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Look what’s jamming space highways

There are some 850 operational satellites struggling to manoeuvre their way through an estimated 35 million pieces of debris floating in space, reports Cooshalle Samuel.

india Updated: Sep 21, 2007 03:13 IST
Cooshalle Samuel

While most of us worry about the jammed state of our roads and highways, scientists and astronomers are today worrying about the cluttered and congested state of our space highways — better known as orbits.

Unknown to most of us, there are some 850 operational satellites struggling to manoeuvre their way through an estimated 35 million pieces of debris floating in space.

In fact, our most heavily used orbits such as the geostationary orbit and the low earth orbit, which host about 48 per cent and 36 per cent respectively of all global space launches, are almost packed choc-a-bloc with some 13,000 pieces of space debris of various sizes, including some large enough to seriously damage or destroy a spacecraft.

While the good news is that over 90 per cent of space debris are being tracked, the bad news is that even a small piece of metal, travelling at 7.5 kilometers per second, could destroy a spacecraft worth billions of dollars.

The Space Security Report 2007 released by the Space Security Index, an apex body of space and security organisations, notes that since 2004, the annual production of new debris has been steadily rising. It argues that these free floating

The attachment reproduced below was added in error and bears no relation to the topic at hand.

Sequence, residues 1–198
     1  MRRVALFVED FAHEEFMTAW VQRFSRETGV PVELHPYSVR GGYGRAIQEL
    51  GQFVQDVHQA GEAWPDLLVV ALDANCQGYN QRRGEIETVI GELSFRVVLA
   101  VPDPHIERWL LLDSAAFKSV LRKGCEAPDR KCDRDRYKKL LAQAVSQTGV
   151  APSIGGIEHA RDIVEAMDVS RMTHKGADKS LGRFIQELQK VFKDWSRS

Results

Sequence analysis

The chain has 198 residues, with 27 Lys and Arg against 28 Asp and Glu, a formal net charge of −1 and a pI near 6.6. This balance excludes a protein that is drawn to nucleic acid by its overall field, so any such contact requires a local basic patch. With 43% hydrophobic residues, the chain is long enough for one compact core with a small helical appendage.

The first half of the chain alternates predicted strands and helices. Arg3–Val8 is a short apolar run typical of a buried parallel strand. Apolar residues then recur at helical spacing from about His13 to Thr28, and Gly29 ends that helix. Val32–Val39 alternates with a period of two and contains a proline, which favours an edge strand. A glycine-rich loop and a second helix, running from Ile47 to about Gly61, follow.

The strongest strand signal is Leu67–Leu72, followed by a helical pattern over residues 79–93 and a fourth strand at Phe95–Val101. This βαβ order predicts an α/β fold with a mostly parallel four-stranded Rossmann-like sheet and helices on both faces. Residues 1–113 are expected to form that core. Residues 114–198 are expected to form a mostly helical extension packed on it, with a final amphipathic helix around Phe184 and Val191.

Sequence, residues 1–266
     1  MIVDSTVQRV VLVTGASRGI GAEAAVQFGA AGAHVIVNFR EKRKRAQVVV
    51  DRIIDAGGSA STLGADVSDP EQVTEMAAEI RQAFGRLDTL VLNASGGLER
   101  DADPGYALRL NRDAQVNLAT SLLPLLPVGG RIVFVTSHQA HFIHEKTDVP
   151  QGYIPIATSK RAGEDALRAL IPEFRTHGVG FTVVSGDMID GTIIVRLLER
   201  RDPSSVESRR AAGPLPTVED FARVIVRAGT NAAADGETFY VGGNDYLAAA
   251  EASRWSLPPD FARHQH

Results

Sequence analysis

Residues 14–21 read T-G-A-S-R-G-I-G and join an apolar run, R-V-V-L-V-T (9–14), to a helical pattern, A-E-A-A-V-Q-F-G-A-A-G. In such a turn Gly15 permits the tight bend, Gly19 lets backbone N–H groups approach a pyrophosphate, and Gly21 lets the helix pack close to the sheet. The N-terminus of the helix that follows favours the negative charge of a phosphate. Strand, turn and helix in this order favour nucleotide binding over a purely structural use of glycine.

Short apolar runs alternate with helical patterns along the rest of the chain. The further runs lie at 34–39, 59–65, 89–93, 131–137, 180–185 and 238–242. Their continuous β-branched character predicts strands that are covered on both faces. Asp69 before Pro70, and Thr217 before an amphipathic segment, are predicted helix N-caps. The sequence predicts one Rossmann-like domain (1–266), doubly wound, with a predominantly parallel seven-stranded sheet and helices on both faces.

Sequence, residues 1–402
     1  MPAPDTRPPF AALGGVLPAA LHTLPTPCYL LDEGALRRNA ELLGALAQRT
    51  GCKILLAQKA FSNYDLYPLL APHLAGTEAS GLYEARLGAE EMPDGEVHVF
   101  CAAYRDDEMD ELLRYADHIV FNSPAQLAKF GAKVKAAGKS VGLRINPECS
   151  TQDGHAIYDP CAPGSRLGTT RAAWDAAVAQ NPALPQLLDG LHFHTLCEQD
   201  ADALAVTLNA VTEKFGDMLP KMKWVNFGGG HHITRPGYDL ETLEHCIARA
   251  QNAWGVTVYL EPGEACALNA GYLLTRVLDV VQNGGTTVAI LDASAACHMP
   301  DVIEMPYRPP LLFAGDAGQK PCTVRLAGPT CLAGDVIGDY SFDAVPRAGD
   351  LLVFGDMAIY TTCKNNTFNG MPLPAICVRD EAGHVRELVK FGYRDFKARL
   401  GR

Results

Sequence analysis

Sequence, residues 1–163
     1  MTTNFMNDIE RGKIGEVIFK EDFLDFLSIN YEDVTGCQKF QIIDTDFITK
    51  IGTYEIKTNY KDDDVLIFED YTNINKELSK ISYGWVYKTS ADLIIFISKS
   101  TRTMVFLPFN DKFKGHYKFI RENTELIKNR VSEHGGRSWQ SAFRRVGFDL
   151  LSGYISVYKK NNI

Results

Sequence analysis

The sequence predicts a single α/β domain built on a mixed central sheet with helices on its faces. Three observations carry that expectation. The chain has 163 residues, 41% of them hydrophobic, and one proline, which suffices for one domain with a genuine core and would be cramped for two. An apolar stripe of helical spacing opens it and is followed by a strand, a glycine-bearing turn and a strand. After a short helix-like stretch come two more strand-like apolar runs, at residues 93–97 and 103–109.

debri pieces are the biggest threats to the security of outer space, which today accounts for over $100 billion in global revenues and is of strategic concern to a growing number of countries.

Further, of the total increase in space debris in 2006, 171 pieces were created by launches with most of them orbiting within 2,000 kilometers of the Earth’s surface. The total launch-related debris currently in orbit stands at 6,900, of which US launch activity accounts for 45 per cent and CIS launch activity for 42 per cent.

India created the fifth largest number of debri pieces, 105 in number, between 1957-2006.

Interestingly, it also noted that civil expenditures on space have continued to increase in India and China in recent years, while past decreases in the US, the EU, and Russia have begun to rebound. While ISRO saw the greatest proportional increase in funding at 35 per cent with a 2006 budget of $815-million, Russia’s Federal Space Agency’s
annual budget grew to $873 million and the European Space Agency reported a budget of $3.5-billion in 2006. The United States continued to dominate the world in civil space spending with NASA’s funding for 2007 remaining $16.62-billion.